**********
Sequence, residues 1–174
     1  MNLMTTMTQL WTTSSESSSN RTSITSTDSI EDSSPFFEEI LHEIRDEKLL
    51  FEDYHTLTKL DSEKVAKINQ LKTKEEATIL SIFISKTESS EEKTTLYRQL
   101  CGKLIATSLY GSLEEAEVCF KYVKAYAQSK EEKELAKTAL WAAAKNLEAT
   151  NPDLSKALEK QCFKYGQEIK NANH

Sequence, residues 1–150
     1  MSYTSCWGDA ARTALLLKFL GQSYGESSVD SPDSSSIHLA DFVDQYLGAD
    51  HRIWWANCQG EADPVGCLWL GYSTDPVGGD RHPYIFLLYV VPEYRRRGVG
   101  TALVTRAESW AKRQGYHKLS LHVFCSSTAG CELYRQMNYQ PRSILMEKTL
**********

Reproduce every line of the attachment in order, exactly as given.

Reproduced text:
Sequence, residues 1–174
     1  MNLMTTMTQL WTTSSESSSN RTSITSTDSI EDSSPFFEEI LHEIRDEKLL
    51  FEDYHTLTKL DSEKVAKINQ LKTKEEATIL SIFISKTESS EEKTTLYRQL
   101  CGKLIATSLY GSLEEAEVCF KYVKAYAQSK EEKELAKTAL WAAAKNLEAT
   151  NPDLSKALEK QCFKYGQEIK NANH

Sequence, residues 1–150
     1  MSYTSCWGDA ARTALLLKFL GQSYGESSVD SPDSSSIHLA DFVDQYLGAD
    51  HRIWWANCQG EADPVGCLWL GYSTDPVGGD RHPYIFLLYV VPEYRRRGVG
   101  TALVTRAESW AKRQGYHKLS LHVFCSSTAG CELYRQMNYQ PRSILMEKTL